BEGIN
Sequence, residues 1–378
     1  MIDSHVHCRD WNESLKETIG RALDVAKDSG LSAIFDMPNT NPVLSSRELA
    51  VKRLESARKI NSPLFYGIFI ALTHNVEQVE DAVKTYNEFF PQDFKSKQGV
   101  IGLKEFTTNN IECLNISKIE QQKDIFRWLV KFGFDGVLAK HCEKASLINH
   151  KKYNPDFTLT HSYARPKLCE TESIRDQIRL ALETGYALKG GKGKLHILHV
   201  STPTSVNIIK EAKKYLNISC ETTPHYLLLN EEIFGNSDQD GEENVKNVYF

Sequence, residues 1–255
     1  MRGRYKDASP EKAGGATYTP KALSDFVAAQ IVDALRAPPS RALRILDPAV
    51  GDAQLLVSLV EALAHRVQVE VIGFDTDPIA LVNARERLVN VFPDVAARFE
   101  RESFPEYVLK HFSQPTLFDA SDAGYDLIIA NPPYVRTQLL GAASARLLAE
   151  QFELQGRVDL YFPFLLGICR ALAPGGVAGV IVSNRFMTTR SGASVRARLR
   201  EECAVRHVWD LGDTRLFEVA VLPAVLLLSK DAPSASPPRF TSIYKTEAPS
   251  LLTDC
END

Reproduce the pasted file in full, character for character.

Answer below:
Sequence, residues 1–378
     1  MIDSHVHCRD WNESLKETIG RALDVAKDSG LSAIFDMPNT NPVLSSRELA
    51  VKRLESARKI NSPLFYGIFI ALTHNVEQVE DAVKTYNEFF PQDFKSKQGV
   101  IGLKEFTTNN IECLNISKIE QQKDIFRWLV KFGFDGVLAK HCEKASLINH
   151  KKYNPDFTLT HSYARPKLCE TESIRDQIRL ALETGYALKG GKGKLHILHV
   201  STPTSVNIIK EAKKYLNISC ETTPHYLLLN EEIFGNSDQD GEENVKNVYF

Sequence, residues 1–255
     1  MRGRYKDASP EKAGGATYTP KALSDFVAAQ IVDALRAPPS RALRILDPAV
    51  GDAQLLVSLV EALAHRVQVE VIGFDTDPIA LVNARERLVN VFPDVAARFE
   101  RESFPEYVLK HFSQPTLFDA SDAGYDLIIA NPPYVRTQLL GAASARLLAE
   151  QFELQGRVDL YFPFLLGICR ALAPGGVAGV IVSNRFMTTR SGASVRARLR
   201  EECAVRHVWD LGDTRLFEVA VLPAVLLLSK DAPSASPPRF TSIYKTEAPS
   251  LLTDC